This tiny breed is deceptively dense, powerful, and fearless with fast reflexes. Although typically more mellow and easy-going than other terriers, the loyal Skye Terrier needs affection and attention and will not settle for being ignored. Cautiousness with strangers and a tendency to assert dominance over smaller animals can be curbed through socialization and agility training. They do best with firm but compassionate ownership and can retaliate when handled too harshly.
Despite its larger size, this patient breed is good with small children, the elderly, and people with disabilities. As vocal as they are active, the Finnish Lapphund does best in outdoor-oriented, active families. Originally a reindeer herding dog accustomed to analyzing a situation before jumping into action; these thinkers need a healthy diet of mental stimulation to accompany their appetite for physical activity.
These sleek, muscular, athletic hunters are light on their feet with a playful and entertaining personality. The breed tends to be reserved with strangers and new situations and benefits from early confidence-building socialization. Pharaoh Hounds are typically good with other dogs but as a sighthound will chase anything that runs. They should only be off-leash in safe, enclosed environments.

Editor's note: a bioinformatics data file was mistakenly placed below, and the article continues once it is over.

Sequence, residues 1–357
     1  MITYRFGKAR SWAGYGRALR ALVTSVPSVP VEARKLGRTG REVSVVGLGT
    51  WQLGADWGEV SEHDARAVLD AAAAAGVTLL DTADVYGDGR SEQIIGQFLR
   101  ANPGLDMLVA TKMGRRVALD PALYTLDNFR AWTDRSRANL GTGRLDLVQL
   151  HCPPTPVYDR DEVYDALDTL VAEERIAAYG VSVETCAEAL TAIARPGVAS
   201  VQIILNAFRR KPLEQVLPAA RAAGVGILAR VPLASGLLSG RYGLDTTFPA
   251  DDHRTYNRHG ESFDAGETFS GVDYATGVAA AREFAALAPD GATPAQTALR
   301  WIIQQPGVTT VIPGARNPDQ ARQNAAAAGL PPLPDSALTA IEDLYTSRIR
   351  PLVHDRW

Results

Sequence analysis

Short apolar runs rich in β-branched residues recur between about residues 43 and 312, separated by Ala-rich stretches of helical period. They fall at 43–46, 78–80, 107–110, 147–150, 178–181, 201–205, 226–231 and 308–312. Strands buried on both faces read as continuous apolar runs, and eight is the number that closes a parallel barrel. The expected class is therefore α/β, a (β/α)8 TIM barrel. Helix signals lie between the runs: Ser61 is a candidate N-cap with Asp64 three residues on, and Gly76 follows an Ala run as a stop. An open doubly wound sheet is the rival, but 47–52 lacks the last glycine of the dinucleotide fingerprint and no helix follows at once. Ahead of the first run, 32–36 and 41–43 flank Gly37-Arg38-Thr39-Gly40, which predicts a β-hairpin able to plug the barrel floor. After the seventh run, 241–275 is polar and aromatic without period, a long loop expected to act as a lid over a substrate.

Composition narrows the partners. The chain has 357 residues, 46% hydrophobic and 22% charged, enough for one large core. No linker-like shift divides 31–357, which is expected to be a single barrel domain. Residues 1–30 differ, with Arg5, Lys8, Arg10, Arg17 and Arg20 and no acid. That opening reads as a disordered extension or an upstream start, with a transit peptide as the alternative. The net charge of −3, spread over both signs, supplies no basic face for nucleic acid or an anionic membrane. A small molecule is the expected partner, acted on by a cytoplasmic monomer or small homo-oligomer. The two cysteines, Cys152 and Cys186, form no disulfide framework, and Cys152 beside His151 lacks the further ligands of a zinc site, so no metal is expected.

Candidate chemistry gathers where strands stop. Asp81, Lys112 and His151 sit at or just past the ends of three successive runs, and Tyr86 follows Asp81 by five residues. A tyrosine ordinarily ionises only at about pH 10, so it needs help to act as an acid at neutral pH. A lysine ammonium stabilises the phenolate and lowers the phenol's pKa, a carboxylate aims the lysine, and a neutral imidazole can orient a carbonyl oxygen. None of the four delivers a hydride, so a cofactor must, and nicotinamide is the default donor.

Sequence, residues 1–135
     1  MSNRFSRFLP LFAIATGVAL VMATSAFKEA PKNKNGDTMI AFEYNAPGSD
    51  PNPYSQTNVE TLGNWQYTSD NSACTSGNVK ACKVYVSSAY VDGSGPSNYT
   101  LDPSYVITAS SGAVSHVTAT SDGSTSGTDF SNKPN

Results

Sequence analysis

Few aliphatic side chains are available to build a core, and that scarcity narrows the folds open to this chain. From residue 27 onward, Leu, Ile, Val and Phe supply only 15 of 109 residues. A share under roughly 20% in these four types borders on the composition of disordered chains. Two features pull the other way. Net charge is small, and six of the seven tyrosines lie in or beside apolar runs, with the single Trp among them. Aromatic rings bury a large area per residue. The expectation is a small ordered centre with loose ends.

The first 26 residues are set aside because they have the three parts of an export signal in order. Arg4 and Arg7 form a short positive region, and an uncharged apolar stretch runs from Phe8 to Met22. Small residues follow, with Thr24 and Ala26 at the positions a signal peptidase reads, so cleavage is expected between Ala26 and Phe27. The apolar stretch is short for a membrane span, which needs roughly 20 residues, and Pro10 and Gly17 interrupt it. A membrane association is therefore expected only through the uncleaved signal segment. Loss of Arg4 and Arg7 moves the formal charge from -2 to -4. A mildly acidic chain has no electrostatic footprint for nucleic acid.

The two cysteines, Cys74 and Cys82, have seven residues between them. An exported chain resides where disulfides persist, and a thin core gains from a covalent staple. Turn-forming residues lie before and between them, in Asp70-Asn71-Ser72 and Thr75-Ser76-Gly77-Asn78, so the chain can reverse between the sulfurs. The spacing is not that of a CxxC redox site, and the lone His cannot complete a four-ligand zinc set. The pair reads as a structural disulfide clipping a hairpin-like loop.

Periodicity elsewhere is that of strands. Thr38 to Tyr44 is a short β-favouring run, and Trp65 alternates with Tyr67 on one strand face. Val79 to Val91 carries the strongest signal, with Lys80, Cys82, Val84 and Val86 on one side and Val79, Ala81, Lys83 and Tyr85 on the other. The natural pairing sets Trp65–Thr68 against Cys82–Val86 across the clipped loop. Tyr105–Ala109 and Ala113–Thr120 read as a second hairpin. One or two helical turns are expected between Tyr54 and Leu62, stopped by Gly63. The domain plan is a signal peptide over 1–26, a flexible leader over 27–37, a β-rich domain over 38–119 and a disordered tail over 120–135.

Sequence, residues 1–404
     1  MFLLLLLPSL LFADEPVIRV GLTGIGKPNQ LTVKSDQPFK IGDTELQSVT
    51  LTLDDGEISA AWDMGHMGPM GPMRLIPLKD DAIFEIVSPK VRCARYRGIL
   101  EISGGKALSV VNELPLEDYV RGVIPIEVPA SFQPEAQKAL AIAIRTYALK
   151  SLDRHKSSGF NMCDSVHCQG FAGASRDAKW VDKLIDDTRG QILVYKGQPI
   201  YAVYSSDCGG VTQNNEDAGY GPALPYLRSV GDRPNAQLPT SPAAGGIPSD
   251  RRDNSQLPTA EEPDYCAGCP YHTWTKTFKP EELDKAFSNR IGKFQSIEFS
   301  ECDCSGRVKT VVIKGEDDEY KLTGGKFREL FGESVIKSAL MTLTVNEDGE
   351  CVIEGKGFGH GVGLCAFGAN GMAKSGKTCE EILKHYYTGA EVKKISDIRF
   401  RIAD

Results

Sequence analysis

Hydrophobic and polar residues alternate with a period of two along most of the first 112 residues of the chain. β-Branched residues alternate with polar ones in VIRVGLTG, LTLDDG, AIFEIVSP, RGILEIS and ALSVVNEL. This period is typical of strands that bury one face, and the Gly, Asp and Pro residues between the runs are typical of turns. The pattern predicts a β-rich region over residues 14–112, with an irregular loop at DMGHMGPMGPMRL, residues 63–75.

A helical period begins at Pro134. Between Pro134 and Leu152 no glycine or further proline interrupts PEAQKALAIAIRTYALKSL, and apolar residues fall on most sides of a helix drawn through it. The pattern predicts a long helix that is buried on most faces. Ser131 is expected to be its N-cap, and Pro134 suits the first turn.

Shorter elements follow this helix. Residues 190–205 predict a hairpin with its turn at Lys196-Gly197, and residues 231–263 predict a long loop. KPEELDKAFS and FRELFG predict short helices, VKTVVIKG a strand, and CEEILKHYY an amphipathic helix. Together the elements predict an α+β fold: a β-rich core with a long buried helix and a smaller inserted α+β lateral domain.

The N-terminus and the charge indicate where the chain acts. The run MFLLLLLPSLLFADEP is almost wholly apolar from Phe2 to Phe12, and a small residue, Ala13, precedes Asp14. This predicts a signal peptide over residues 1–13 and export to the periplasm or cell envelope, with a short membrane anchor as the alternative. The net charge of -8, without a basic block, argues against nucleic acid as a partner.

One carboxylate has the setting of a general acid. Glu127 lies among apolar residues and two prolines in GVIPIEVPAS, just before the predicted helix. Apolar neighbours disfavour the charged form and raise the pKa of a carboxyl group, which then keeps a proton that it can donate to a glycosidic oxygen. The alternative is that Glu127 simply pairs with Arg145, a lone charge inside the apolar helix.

These sure-footed, graceful and athletic dogs are keenly aware of their surroundings, and can be distrustful of strangers or new situations, sounding the alarm at any possible threat.
A natural independent thinker, this breed aims to assert dominance with other dogs. The hard-working sheepdog has a shaggy coat that collects debris from the day’s adventures and tracks them through the house. Needs active, outdoorsy owners able to meet their needs for mental stimulation, but can live calmly indoors once they have gotten their energy out.
Like a fox, the Finnish Spitz is a quick breed with nimble feet who is most content frolicking in the snow. This companion dog doesn’t like to be alone and prefers tranquil environments without loud noises and tension. Too much alone time or stress in the environment can result in anxious and destructive behaviors. Observant and alert, this breed is quick to sound the alarm and is reserved with strangers. The Finnish Spitz can be aggressive to other animals and willful; making this quick learner a challenge to train.